Promoter elements regulate cytoplasmic mRNA decay.
Promoters are DNA elements that enable transcription and its regulation by trans-acting factors. Here, we demonstrate that yeast promoters can also regulate mRNA decay after the mRNA leaves the nucleus. A conventional yeast promoter consists of a core element and an upstream activating sequence (UAS). We find that changing UASs of a reporter gene without altering the transcript sequence affects the transcript's decay kinetics. A short cis element, comprising two Rap1p-binding sites, and Rap1p itself, are necessary and sufficient to induce enhanced decay of the reporter mRNA. Furthermore, Rap1p stimulates both the synthesis and the decay of a specific population of endogenous mRNAs. We propose that Rap1p association with target promoter in the nucleus affects the composition of the exported mRNP, which in turn regulates mRNA decay in the cytoplasm. Thus, promoters can play key roles in determining mRNA levels and have the capacity to coordinate rates of mRNA synthesis and decay.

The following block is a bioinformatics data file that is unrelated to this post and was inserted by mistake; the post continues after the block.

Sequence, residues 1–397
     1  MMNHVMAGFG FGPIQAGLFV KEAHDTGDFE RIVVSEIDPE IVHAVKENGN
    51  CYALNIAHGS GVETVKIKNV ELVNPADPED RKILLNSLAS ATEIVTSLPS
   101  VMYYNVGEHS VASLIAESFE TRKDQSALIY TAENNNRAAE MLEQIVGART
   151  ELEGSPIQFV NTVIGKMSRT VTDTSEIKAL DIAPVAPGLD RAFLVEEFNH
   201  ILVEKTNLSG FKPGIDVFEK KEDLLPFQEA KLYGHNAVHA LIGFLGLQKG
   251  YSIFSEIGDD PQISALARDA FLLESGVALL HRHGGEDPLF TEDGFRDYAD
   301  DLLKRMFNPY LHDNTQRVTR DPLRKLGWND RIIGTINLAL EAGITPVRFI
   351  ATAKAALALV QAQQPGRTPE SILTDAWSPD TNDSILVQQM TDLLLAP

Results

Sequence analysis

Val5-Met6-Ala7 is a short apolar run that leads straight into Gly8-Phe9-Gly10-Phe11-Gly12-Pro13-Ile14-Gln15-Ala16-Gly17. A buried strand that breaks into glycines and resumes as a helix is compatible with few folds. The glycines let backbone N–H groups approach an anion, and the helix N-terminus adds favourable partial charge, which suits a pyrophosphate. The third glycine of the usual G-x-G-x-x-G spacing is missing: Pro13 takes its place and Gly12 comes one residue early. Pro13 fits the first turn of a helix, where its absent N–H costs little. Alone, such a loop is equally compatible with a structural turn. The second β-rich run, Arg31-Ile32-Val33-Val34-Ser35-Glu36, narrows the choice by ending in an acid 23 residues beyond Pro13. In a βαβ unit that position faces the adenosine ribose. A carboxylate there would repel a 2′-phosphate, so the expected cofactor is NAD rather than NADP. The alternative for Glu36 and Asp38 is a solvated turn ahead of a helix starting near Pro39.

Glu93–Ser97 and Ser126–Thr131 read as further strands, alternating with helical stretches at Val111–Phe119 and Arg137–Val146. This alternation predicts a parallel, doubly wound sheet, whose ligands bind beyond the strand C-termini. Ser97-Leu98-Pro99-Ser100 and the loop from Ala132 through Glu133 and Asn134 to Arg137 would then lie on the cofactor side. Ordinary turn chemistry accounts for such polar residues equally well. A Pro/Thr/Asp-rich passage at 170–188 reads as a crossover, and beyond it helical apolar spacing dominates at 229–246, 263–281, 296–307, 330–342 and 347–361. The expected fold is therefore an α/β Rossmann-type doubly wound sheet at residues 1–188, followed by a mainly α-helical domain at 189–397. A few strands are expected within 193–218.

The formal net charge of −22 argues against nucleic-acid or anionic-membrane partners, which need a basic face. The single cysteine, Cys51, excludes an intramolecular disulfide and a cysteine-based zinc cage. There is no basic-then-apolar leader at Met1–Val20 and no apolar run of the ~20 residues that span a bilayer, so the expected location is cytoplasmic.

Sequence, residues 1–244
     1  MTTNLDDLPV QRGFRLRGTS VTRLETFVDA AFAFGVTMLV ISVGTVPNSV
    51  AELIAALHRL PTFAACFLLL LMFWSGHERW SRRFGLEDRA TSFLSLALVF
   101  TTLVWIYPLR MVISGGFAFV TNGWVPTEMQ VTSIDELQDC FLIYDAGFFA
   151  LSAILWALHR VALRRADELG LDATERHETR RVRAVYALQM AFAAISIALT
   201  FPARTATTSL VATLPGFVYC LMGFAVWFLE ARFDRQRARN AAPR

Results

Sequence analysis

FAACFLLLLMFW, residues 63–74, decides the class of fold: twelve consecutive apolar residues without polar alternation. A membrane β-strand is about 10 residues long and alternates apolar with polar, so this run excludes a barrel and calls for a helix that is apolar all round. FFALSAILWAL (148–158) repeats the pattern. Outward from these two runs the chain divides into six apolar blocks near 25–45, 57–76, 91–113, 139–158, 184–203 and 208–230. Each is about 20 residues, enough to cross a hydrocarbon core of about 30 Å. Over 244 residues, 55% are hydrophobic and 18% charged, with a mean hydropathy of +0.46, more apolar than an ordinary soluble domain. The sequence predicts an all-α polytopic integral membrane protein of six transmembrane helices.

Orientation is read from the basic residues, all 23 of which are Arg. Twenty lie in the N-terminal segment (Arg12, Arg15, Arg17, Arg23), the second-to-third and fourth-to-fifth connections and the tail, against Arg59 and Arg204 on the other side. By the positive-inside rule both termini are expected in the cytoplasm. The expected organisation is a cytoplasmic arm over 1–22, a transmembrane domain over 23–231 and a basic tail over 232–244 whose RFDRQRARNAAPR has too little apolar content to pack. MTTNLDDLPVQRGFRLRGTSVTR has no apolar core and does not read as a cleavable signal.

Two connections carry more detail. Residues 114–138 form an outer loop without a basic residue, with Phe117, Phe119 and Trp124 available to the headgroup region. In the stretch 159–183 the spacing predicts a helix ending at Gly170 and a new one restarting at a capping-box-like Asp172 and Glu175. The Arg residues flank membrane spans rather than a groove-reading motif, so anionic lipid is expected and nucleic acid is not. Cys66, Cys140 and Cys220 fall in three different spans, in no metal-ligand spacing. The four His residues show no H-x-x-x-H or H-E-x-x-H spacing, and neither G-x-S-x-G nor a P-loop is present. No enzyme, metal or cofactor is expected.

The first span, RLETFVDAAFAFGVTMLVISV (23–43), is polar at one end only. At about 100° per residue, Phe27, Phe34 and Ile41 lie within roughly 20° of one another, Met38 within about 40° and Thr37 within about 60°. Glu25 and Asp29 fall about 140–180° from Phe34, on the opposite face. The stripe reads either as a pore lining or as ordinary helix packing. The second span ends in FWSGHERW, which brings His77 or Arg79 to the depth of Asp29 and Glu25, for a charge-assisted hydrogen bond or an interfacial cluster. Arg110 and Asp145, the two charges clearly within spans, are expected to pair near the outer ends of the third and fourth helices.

Pubmed ID: 22196725 RIS Download
Cytoplasm | Gene Expression Regulation, Fungal | Promoter Regions, Genetic | RNA Stability | Ribonucleoproteins | Saccharomyces cerevisiae | Saccharomyces cerevisiae Proteins | Telomere-Binding Proteins | Transcription Factors